- Identification and Creation
- Object Number
Agostino Veneziano, Italian (Venice c. 1490 - after 1536 Rome)
- Madonna Adored by Saints of the Dominican Order
- Work Type
- c. 1516 - 1540s
- Physical Descriptions
- Engraving, printed à la poupée in red and black ink
- sheet: 39.8 x 22.9 cm (15 11/16 x 9 in.)
- Inscriptions and Marks
- inscription: verso: old collector's annotations in pencil and pen and brown ink
- State, Edition, Standard Reference Number
- Standard Reference Number
- B. 112 (OB 14, Ramondi)
- Acquisition and Rights
- Credit Line
- Harvard Art Museums/Fogg Museum, Anonymous Fund for the Acquisition of Prints Older than 150 Years
- Accession Year
- Object Number
- European and American Art
- This engraving is the earliest known example of an incised copper plate being printed à la poupée. (Ad Stijnman, a scientist at the Nederlands Instituut Collectie, identified the inks as characteristic of the early modern period, although he can't say with certainty when the engraving was printed. The paper is also typical of the sixteenth century.) The technique of printing in color à la poupée was perfected in the second half of the seventeenth century by the Netherlandish artist, Johannes Teyler, and examples of his color printing remain quite rare (although the Fogg has two in its collection). For this engraving, the printer inked in red the lines comprising the figures of the Virgin and Child, and then inked in blue the background architecture and the Dominican saints who surround her, thereby making mother and child the most emphatic elements of the composition. Such a print most likely had a domestic devotional function. Veneziano, the engraver of the composition, was an active member of Marcantonio Raimondi's print workshop which produced reproductive engravings, many after drawings and paintings by Raphael. This unusual printing technique may have been an experiment in the production of a print that was intended to resemble a colored drawing.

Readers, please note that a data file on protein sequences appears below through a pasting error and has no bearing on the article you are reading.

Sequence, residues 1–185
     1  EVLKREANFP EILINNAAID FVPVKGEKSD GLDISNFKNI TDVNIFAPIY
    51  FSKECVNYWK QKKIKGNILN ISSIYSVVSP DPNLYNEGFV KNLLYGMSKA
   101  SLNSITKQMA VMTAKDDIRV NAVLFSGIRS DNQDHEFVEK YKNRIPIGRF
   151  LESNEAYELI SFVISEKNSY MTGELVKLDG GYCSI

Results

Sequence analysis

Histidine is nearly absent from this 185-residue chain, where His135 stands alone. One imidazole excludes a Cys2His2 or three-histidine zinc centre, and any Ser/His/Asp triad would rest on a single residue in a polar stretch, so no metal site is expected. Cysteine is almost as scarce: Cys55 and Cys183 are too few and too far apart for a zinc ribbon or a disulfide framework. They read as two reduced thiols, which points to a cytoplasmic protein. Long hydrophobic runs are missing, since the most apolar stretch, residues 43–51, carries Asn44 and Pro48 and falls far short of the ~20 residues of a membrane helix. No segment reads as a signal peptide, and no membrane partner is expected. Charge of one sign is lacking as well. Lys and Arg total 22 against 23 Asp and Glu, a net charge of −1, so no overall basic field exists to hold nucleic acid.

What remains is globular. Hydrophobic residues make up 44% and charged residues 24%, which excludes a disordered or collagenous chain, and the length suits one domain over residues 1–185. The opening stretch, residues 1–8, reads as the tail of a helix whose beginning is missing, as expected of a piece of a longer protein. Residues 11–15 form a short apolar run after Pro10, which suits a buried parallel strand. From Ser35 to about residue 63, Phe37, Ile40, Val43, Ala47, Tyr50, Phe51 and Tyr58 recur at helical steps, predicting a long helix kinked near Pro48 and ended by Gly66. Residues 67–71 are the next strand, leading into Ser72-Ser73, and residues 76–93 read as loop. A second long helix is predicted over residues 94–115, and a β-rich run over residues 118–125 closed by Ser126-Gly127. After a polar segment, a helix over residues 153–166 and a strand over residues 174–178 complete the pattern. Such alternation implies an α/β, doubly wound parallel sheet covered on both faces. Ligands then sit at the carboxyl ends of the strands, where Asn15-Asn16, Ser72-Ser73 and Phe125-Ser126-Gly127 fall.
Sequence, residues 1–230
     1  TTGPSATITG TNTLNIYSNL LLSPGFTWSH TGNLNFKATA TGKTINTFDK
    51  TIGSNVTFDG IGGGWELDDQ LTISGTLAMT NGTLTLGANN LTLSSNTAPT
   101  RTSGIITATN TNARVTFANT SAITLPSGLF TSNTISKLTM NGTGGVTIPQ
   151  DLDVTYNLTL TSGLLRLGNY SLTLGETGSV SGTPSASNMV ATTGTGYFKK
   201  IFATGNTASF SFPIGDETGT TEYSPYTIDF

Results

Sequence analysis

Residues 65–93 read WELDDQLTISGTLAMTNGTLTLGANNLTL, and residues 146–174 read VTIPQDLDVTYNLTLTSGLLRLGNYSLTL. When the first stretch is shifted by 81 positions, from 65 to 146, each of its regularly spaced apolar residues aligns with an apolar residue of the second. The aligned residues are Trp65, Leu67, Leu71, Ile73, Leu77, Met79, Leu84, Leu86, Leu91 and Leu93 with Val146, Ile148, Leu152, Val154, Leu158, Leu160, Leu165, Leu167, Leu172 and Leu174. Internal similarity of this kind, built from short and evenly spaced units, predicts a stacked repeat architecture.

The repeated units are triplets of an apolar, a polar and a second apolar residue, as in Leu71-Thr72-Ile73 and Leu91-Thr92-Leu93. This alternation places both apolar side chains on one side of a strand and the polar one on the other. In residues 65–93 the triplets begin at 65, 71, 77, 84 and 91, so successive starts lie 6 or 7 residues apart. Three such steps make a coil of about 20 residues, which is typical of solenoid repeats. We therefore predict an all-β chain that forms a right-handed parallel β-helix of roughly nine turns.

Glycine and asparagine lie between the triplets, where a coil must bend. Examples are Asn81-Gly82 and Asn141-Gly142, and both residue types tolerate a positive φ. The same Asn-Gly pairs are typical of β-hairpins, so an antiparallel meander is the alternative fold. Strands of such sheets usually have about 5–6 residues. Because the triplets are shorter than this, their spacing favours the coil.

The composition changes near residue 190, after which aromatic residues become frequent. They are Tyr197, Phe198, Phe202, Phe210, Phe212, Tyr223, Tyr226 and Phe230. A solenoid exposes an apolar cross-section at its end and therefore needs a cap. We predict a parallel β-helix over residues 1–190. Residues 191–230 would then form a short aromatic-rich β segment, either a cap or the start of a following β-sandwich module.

Label Text: 32Q: 2540 Renaissance , written 2015
Depictions of Heavenly Space
Even as artists developed means of representing perspectival space in Renaissance prints and drawings, depictions of the heavens often portray space as infinite and undefined. Images of the Virgin in her many guises demonstrate this phenomenon. Whether she sits among the louds or stands on a half-moon clothed in the rays of the sun, as shown here in prints by Dürer, the Virgin is untethered to her setting by onventional markers of the landscape.
When depicted within earthly settings, the sacred space of the Virgin and Child is still set apart. In the engraving of the Virgin adored by Dominican saints, Agostino Veneziano used red ink to differentiate the divine mother and child, who seem to hover above those around them. While the depiction of identifiable space is atypical of views of the heavens, hierarchical arrangements of figures are not. Scenes of the Last Judgment, Paradise, and the Trinity, as seen here, configure heavenly space with God the Father at the top, surrounded by the choir of angels, with scenes of hell below.
[1932.169, 1987.3, 1995.1123, 2007.32, G1121, G2490, G3457, G6992]
- Publication History
Stephan Wolohojian, ed., Harvard Art Museum/ Handbook, Harvard Art Museum (Cambridge, MA, 2008), p. 78, repr.
Harvard University Art Museums, Harvard University Art Museums Annual Report 2006-7 (Cambridge, MA, 2008), p. 26, ill.
- Exhibition History
32Q: 2540 Renaissance, Harvard Art Museums, Cambridge, 09/09/2015 - 03/02/2016
- Subjects and Contexts
Google Art Project
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